Majuli masks

1 min read


Recently, the traditional Majuli masks and Majuli manuscript painting in Assam were given a Geographical Indication (GI) tag.

About Majuli masks

  • These are handmade masks traditionally used to depict characters in bhaonas, or theatrical performances with devotional messages under the neo-Vaishnavite tradition, introduced by the 15th-16th century reformer saint Srimanta Sankardeva.
  • Srimanta Sankardeva established this art of masks through a play called Chinha Jatra.
  • The word means explaining through images. At that time, to attract ordinary people to Krishna bhakti.
  • The masks can depict gods, goddesses, demons, animals and birds — Ravana, Garuda, Narasimha, Hanuman, Varaha Surpanakha all feature among the masks.
  • They can range in size from those covering just the face (mukh mukha), to those covering the whole head and body of the performer (cho mukha).
  • Material used: The masks are made of bamboo, clay, dung, cloth, cotton, wood and other materials available in the riverine surroundings of their makers
  • Traditional practitioners are working to take the art out of their traditional place in sattras, or monasteries, and give them a new, contemporary life.
    • Sattras are monastic institutions established by Srimanta Sankardev and his disciples as centres of religious, social and cultural reform.
    • Majuli has 22 sattras, and the patent application states that the mask-making tradition is by and large concentrated in four of them — Samaguri Sattra, Natun Samaguri Sattra, Bihimpur Sattra and Alengi Narasimha Sattra.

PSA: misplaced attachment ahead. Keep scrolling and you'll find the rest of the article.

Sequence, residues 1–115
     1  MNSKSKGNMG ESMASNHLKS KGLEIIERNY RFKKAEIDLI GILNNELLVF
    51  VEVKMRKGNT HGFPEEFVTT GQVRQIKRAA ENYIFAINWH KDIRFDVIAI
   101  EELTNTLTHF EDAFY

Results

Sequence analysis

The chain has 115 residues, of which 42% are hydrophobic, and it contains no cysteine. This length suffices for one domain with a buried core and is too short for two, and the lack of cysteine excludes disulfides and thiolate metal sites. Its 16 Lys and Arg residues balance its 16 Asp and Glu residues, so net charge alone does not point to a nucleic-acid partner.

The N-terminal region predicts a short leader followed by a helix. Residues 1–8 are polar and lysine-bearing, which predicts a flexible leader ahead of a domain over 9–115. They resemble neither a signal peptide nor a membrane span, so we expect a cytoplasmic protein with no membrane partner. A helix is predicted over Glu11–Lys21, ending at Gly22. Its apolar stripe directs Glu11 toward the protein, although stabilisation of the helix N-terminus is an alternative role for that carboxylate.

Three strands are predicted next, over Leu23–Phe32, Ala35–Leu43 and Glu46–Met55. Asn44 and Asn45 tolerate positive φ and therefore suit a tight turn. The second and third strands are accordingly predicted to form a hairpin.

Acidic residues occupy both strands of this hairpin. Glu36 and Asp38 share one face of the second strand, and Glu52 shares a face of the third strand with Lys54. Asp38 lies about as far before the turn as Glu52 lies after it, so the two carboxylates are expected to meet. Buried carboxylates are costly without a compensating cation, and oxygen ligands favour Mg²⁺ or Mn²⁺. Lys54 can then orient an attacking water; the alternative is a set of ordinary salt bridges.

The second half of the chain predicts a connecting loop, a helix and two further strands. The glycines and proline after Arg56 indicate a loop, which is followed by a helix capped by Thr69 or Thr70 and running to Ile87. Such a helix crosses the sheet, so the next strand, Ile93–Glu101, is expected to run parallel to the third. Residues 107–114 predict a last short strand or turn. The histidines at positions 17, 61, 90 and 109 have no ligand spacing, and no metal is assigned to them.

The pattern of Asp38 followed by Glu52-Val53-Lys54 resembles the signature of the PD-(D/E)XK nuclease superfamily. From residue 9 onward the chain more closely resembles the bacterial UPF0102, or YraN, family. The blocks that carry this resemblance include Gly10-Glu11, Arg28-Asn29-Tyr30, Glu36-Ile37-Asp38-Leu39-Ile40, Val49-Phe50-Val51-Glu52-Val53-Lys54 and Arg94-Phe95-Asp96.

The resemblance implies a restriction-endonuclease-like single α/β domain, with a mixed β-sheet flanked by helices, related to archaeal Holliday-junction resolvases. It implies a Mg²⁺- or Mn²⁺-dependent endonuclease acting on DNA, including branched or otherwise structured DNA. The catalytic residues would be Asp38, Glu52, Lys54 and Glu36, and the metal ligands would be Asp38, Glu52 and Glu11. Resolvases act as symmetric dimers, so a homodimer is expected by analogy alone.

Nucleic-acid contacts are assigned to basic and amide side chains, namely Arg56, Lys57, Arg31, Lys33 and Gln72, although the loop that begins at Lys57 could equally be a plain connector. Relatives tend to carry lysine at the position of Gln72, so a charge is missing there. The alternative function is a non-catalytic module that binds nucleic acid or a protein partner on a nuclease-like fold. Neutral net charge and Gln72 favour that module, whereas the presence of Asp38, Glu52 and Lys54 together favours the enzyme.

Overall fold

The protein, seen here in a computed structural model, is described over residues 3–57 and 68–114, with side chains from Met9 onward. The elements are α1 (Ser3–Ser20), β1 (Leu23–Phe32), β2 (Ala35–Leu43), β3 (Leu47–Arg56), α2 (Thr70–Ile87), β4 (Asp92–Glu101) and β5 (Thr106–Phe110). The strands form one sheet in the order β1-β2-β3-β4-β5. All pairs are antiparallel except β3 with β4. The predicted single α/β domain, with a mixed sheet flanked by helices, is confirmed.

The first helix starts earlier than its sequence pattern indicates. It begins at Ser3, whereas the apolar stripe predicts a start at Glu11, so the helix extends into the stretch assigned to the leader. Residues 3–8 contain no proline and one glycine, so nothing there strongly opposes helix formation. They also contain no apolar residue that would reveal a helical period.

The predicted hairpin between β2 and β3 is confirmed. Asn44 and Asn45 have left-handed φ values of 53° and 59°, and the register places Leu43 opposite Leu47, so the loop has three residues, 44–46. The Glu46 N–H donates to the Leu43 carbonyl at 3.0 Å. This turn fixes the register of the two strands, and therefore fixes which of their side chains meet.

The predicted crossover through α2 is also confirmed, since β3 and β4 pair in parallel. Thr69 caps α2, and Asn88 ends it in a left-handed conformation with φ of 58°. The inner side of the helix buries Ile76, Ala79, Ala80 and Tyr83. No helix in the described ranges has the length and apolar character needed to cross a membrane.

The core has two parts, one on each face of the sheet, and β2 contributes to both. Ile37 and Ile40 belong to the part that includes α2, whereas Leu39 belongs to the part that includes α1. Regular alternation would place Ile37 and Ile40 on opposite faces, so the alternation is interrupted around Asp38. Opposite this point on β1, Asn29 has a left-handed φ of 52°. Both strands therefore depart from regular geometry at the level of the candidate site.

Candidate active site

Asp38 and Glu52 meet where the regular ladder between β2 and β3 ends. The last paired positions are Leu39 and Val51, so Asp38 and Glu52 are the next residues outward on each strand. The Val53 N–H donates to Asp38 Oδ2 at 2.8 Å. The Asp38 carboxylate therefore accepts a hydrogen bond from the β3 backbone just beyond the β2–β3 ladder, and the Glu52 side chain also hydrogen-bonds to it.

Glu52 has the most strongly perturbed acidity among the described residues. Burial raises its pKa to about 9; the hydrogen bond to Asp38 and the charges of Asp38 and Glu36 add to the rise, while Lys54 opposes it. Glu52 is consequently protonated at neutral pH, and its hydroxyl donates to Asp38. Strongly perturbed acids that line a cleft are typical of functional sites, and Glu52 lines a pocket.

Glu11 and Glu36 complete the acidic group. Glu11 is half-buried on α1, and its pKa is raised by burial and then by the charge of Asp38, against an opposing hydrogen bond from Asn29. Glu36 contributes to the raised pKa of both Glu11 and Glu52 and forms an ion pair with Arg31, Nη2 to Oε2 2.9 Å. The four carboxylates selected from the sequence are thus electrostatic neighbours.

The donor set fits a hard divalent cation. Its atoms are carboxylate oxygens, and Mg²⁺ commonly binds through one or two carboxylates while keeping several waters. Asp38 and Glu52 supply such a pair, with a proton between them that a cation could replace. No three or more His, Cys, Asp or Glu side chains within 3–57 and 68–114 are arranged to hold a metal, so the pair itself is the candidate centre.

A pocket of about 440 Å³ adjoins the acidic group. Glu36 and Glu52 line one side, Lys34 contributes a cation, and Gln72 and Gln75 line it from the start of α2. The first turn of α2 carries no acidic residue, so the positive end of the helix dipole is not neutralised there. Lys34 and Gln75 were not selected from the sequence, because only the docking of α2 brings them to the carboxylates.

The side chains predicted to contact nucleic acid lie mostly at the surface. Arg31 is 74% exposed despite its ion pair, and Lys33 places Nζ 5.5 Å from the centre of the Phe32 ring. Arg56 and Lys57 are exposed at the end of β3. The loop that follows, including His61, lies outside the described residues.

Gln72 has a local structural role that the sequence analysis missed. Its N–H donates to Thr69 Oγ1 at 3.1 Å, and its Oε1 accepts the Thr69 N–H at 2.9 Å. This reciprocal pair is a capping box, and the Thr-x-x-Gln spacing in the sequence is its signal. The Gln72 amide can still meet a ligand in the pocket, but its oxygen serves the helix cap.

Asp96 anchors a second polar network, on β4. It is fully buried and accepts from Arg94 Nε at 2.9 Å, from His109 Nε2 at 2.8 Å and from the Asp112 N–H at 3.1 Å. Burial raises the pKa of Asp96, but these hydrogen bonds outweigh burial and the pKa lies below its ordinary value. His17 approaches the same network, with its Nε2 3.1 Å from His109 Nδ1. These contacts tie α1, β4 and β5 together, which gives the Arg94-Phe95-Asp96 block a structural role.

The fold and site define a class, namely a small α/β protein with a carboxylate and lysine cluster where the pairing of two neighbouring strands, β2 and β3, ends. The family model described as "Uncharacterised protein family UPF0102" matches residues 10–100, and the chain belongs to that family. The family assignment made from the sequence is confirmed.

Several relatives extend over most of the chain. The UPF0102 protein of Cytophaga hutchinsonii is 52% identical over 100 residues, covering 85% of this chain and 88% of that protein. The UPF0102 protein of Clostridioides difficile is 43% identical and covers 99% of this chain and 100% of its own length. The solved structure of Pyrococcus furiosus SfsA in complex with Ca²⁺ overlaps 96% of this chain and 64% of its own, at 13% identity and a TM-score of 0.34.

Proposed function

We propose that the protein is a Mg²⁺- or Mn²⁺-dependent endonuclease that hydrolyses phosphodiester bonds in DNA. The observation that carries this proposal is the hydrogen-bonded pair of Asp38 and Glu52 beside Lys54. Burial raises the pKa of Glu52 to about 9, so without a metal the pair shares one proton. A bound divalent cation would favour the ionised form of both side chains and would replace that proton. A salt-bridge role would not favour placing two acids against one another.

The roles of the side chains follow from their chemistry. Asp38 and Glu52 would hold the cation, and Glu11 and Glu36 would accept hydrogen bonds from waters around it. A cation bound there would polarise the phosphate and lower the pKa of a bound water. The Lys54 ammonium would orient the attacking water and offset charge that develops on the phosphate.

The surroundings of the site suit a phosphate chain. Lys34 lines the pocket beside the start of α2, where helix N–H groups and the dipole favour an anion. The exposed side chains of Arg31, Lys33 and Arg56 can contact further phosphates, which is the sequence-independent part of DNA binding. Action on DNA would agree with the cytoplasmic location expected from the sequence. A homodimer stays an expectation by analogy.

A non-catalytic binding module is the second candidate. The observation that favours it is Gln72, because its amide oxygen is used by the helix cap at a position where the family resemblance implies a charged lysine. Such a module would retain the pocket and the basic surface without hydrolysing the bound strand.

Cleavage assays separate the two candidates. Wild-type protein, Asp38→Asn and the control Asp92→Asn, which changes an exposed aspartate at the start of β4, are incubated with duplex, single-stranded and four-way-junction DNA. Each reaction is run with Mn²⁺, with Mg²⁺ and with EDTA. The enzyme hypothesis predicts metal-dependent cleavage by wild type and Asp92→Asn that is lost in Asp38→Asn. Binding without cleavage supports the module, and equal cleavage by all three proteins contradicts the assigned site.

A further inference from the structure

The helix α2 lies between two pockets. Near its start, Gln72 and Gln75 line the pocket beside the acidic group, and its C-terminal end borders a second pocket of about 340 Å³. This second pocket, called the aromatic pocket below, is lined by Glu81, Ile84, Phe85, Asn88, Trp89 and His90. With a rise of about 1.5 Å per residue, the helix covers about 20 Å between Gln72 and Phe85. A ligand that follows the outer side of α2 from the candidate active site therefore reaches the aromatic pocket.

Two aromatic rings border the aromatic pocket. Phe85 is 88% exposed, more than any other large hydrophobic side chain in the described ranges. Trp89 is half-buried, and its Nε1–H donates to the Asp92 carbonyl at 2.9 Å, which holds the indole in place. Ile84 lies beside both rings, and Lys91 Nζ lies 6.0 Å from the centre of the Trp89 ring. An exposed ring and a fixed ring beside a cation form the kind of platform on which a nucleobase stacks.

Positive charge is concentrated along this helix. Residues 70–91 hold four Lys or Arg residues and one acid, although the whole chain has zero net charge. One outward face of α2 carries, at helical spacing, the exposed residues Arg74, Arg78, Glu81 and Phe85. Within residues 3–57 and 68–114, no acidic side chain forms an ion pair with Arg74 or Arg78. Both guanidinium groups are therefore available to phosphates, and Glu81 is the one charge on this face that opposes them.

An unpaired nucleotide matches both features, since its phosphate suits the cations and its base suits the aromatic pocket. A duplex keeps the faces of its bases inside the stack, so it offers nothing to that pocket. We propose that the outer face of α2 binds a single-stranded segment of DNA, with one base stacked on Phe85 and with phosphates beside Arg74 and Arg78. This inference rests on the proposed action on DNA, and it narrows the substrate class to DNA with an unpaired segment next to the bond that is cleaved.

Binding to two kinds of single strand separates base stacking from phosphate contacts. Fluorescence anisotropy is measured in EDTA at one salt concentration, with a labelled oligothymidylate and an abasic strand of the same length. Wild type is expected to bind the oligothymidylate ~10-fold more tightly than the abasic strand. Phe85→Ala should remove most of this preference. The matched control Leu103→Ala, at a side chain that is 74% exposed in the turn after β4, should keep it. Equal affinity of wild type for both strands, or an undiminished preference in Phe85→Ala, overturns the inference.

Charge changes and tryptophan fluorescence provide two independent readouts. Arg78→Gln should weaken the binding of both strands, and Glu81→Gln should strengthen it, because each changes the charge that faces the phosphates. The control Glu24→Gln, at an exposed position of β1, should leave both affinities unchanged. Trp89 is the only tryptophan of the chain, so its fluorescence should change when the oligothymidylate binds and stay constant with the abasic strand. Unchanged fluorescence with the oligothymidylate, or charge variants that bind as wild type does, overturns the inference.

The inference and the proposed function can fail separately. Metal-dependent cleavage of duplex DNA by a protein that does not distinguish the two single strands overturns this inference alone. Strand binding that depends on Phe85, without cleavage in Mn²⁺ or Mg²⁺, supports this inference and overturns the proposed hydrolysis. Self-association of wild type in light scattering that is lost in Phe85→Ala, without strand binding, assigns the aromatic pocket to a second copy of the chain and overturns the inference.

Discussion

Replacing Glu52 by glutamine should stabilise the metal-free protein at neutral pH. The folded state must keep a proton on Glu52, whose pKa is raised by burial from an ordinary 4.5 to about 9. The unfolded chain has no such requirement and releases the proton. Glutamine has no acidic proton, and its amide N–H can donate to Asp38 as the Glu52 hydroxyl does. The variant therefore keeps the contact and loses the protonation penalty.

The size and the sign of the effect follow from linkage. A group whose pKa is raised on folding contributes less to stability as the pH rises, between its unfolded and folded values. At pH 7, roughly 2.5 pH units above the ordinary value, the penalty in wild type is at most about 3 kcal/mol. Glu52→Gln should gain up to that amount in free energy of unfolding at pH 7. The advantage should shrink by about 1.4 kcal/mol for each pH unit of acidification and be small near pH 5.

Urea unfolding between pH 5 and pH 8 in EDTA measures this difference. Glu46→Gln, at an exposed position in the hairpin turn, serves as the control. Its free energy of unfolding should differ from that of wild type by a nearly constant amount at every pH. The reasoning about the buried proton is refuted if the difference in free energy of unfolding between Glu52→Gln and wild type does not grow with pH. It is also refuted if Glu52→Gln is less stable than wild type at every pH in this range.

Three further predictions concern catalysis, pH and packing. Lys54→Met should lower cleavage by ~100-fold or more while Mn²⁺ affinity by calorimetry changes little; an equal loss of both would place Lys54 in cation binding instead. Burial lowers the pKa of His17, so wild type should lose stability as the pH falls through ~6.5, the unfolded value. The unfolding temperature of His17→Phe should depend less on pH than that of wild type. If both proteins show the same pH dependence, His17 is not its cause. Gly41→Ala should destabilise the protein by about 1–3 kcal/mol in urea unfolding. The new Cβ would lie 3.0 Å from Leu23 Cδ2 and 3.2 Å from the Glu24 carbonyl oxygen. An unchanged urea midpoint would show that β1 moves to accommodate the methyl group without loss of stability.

Key facts about Majuli manuscript painting

  • It is a form of painting — also originating in the 16th century — done on sanchi pat, or manuscripts made of the bark of the sanchi or agar tree, using homemade ink.
  • The earliest example of an illustrated manuscript is said to be a rendering of the Adya Dasama of the Bhagwat Purana in Assamese by Srimanta Sankardev.
  • This art was patronised by the Ahom kings. It continues to be practised in every sattra in Majuli.

Q1) What is Vaishnavism?

It is the worship and acceptance of Vishnu (Sanskrit: “The Pervader” or “The Immanent”) or one of his various incarnations (avatars) as the supreme manifestation of the divine. During a long and complex development, many Vaishnava groups emerged with differing beliefs and aims.

Source: GI tag for Majuli masks of Assam: History, cultural significance of the centuries-old art form